Aug 18, 2010 | 2006 BMW 750Li

6 Answers

Tire pressure


Seance the car manufactures most likely did not produce the tires that are on the vehicle they will only give there recommendations as to the correct tire pressure. Always look around the perimeter of the tire and it will tell you the proper pressure for that tire. hope this helps. Good luck.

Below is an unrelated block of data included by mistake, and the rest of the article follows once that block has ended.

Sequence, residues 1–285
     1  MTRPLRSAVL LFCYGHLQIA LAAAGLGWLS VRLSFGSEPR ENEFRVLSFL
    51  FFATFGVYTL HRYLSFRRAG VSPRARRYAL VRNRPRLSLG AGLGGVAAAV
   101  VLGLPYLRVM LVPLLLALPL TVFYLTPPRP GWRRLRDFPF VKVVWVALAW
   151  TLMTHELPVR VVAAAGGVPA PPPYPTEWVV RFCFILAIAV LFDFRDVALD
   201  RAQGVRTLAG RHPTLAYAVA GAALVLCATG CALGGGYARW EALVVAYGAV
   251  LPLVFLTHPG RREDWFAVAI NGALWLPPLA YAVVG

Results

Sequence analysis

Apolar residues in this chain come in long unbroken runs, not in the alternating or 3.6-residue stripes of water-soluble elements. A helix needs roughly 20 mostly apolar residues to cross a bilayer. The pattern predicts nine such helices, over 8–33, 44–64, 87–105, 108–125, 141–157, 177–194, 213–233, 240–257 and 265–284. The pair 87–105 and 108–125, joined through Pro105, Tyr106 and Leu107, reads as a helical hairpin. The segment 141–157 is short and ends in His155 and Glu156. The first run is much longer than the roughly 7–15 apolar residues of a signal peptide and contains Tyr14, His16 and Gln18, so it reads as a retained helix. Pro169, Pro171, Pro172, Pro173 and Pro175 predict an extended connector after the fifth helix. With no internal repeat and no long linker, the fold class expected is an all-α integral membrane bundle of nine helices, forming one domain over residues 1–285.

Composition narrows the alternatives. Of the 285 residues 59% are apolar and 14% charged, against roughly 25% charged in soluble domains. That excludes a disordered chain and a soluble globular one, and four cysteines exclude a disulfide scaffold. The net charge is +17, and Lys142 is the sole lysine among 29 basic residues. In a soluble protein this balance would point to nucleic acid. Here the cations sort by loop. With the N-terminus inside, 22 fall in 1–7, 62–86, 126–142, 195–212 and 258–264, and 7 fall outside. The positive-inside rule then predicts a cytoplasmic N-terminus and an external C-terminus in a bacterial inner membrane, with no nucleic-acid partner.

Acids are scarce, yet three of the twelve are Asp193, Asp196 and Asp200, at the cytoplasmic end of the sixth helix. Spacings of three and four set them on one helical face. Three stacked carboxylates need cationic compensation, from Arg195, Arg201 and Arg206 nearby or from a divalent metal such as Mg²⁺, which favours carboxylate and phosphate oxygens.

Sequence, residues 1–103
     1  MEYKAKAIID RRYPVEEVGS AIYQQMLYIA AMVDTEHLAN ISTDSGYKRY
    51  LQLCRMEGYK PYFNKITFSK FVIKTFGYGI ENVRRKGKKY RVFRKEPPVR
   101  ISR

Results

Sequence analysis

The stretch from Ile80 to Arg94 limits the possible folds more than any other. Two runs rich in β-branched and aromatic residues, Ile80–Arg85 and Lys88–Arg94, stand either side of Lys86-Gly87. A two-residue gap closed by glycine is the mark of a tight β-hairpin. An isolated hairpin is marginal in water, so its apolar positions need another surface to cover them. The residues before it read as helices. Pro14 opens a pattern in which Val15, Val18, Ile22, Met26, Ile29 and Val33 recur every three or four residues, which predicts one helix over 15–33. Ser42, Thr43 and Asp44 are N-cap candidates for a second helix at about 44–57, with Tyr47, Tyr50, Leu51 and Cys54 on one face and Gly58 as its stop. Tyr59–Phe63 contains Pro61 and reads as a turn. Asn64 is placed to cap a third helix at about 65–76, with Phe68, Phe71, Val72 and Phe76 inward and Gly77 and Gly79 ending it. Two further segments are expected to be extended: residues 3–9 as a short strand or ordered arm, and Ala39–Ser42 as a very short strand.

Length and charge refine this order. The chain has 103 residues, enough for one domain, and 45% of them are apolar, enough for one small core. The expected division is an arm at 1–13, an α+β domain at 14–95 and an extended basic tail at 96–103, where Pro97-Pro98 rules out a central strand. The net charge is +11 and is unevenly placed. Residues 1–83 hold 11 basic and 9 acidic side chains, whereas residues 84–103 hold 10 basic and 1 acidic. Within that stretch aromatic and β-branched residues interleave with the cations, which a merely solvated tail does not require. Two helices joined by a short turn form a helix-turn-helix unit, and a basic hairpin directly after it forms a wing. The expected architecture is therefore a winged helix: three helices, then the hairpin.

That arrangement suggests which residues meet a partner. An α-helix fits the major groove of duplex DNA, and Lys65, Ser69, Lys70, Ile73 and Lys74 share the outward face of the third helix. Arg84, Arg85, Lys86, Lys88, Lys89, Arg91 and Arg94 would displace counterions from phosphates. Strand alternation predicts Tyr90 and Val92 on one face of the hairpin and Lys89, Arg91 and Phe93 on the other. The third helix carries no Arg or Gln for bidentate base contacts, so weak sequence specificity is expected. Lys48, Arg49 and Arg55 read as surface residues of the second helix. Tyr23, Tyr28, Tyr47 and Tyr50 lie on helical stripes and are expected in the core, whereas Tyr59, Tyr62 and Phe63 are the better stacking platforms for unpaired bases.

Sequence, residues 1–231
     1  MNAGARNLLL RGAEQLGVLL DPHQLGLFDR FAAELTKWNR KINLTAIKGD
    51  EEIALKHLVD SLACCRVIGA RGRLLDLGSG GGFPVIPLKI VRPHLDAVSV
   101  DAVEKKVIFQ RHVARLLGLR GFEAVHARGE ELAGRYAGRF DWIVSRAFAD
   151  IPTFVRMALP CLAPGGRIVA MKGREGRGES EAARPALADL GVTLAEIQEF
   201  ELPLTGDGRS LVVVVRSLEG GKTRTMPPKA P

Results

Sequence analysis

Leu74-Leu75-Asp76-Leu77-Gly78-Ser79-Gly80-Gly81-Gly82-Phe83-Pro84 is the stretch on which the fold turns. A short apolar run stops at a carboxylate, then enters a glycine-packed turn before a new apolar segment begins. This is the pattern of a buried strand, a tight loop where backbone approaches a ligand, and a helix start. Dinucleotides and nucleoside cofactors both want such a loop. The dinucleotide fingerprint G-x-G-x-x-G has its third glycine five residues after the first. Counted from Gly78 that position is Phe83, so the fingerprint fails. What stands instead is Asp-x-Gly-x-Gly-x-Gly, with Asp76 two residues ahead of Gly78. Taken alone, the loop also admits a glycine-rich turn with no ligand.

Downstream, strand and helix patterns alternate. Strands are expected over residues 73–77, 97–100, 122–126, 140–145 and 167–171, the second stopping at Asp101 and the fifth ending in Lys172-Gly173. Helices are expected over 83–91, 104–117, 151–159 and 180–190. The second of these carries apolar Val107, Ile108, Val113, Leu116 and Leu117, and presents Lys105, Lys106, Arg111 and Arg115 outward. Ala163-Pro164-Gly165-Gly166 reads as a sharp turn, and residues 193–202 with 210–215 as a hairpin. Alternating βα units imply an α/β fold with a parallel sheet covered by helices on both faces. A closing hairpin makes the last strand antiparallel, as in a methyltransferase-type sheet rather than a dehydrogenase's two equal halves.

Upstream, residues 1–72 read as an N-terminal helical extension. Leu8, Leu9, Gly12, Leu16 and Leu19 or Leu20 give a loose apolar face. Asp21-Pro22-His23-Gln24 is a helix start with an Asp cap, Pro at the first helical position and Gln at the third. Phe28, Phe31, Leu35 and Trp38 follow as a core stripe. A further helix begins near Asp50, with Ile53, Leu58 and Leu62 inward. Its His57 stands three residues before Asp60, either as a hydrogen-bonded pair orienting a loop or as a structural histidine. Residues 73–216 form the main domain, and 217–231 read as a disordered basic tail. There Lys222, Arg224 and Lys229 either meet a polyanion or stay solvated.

May 30, 2009 | 2004 Chevrolet Malibu

1 Answer

Tire pressure